# Homogeneous Isotropic Turbulence: Geometric and Isometry Properties of the 2-point Velocity Correlation Tensor

^{*}

^{*}Corresponding author

- DOI
- 10.1080/14029251.2018.1503447How to use a DOI?
- Keywords
- homogeneous isotropic turbulence; two-point correlation tensor; infinite-dimensional Lie algebra; minimal set of differential invariants
- Abstract
The emphasis of this review is both the geometric realization of the 2-point velocity correlation tensor field

*B*(_{ij}*x*,*x*′,*t*) and isometries of the correlation space*K*^{3}equipped with a (pseudo-) Riemannian metrics*ds*^{2}(*t*) generated by the tensor field. The special form of this tensor field for homogeneous isotropic turbulence specifies*ds*^{2}(*t*) as the semi-reducible pseudo-Riemannian metric. This construction presents the template for the application of methods of Riemannian geometry in turbulence to observe, in particular, the deformation of length scales of turbulent motion localized within a singled out fluid volume of the flow in time. This also allows to use common concepts and technics of Lagrangian mechanics for a Lagrangian system (*M*,^{t}*ds*^{2}(*t*)),*M*⊂^{t}*K*^{3}. Here the metric*ds*^{2}(*t*), whose components are the correlation functions, evolves due to the von Kármán-Howarth equation. We review the explicit geometric realization of*ds*^{2}(*t*) in*K*^{3}and present symmetries (or isometric motions in*K*^{3}) of the metric*ds*^{2}(*t*) which coincide with the sliding deformation of a surface arising under the geometric realization of*ds*^{2}(*t*). We expose the fine structure of a Lie algebra associated with this symmetry transformation and construct the basis of differential invariants. Minimal generating set of differential invariants is derived. We demonstrate that the well-known Taylor microscale*λ*is a second-order differential invariant and show how_{g}*λ*can be obtained by the minimal generating set of differential invariants and the operators of invariant differentiation. Finally, we establish that there exists a nontrivial central extension of the infinite-dimensional Lie algebra constructed wherein the central charge is defined by the same bilinear skew-symmetric form_{g}*c*as for the Witt algebra which measures the number of internal degrees of freedom of the system. For turbulence, we give the asymptotic expansion of the transversal correlation function for the geometry generated by a quadratic form.- Copyright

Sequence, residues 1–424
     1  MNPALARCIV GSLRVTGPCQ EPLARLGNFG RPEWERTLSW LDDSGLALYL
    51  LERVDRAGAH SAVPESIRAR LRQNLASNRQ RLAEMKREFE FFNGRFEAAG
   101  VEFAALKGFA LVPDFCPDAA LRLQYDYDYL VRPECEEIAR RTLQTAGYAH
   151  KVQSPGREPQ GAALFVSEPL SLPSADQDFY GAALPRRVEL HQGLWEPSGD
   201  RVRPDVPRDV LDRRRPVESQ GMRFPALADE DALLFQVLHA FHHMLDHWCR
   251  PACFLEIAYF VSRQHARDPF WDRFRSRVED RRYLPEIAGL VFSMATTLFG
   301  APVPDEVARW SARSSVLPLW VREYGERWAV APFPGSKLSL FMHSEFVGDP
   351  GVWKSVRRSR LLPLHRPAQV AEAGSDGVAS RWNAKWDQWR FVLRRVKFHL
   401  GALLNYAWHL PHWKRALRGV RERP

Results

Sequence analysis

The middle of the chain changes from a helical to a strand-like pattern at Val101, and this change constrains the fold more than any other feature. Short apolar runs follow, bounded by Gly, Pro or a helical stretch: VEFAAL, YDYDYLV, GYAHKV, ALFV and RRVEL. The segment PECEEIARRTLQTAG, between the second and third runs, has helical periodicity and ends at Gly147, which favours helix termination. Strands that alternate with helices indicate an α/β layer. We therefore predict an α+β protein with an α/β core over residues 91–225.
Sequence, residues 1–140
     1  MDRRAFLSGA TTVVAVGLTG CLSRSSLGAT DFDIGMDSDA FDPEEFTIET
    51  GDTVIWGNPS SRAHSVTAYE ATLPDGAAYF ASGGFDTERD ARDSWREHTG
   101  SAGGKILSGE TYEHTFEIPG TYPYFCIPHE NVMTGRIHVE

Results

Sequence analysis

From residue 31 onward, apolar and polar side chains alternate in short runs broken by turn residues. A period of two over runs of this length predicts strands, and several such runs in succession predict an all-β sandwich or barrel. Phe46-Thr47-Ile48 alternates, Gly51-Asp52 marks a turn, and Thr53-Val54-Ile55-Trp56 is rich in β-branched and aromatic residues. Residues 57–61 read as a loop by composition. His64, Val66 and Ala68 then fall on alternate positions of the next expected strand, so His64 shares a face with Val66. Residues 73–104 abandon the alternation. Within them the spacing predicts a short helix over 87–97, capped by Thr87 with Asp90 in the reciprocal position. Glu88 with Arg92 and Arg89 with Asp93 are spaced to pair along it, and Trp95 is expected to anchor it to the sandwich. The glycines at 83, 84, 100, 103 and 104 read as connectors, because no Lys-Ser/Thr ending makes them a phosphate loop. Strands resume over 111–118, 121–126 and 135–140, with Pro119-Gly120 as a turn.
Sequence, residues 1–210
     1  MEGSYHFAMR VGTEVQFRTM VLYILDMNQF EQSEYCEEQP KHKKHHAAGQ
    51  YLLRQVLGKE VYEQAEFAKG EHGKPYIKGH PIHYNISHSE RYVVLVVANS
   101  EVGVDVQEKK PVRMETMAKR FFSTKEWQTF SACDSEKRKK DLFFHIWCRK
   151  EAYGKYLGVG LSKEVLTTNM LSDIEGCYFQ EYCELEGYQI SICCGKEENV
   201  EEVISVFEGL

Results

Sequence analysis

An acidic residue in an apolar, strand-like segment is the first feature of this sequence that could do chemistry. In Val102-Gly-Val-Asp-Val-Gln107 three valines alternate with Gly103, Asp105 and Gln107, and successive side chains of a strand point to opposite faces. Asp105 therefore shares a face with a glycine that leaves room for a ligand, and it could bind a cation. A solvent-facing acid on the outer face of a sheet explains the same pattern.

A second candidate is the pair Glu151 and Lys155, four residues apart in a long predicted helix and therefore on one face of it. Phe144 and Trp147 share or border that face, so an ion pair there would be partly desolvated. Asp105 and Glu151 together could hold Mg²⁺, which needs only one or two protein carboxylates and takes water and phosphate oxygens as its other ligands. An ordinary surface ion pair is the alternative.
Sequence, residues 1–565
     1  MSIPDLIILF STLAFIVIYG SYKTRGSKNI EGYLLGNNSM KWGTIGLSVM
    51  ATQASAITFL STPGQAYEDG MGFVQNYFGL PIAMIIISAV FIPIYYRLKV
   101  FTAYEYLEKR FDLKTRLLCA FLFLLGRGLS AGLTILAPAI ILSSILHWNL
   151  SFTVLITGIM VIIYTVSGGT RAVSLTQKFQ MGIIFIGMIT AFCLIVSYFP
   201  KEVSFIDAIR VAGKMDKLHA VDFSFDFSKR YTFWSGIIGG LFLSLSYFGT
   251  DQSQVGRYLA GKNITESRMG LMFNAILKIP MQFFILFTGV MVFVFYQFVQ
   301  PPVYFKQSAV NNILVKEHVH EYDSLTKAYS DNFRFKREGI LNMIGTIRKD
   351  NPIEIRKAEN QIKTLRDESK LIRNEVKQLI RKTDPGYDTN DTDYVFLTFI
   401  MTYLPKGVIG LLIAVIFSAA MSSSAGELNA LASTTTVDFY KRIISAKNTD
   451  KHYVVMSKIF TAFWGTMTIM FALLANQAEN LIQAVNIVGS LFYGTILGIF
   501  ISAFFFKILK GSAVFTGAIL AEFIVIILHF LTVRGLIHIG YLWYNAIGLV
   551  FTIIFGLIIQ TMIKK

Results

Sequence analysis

- © 2018 The Authors. Published by Atlantis and Taylor & Francis
- Open Access
- This is an open access article distributed under the CC BY-NC 4.0 license (http://creativecommons.org/licenses/by-nc/4.0/).

## 1. Introduction

We deal with homogeneous isotropic turbulence and the 2-point velocity correlation tensor field *B _{ij}*(

*x*′,

*x*,

*t*) where

*x*′ and

*x*are the points of a three-dimensional space filled by turbulent fluid. The assumption of homogeneity and isotropy of turbulent flow (invariance with respect to rotation, reflection, and translation) implies that this tensor depends only on the length of the correlation vector

*B*is a symmetric tensor field and takes the diagonal form [11]. Therefore

_{ij}*B*is a metric tensor field given on the correlation space

_{ij}*K*

^{3}and

*K*

^{3}can be equipped with a Riemannian metric. The form of the components of

*B*specifies this metric as the so-called semi-reducible pseudo-Riemannian metric [8]. The components are the correlation functions that evolve due to the von Kármán-Howarth equation [7]. This is conceptually similar to the Ricci flow that acts directly on the metric under consideration. In order to avoid a redundant complexity of the exposition of material, we use only the elementary information about the structure of the two-point velocity correlation tensor of the velocity fluctuations for homogeneous isotropic flows. The modern theory of the properties and structure of second-order (Cartesian) correlation tensors is given in [15]. We only mention that in the course of this development, the authors examined carefully several important misleading or incorrect statements that have remained uncorrected in the literature of the theory of correlation tensors for homogeneous (or isotropic turbulence). Most of these problems arisen because of confusion over the circumstances in which the generating scalar functions can be, or must, pseudoscalar, see for details [15].

_{ij}The aim of this review is to present both geometric and isometry properties of the 2-point velocity correlation tensor field *B _{ij}*(

*x*′,

*x*,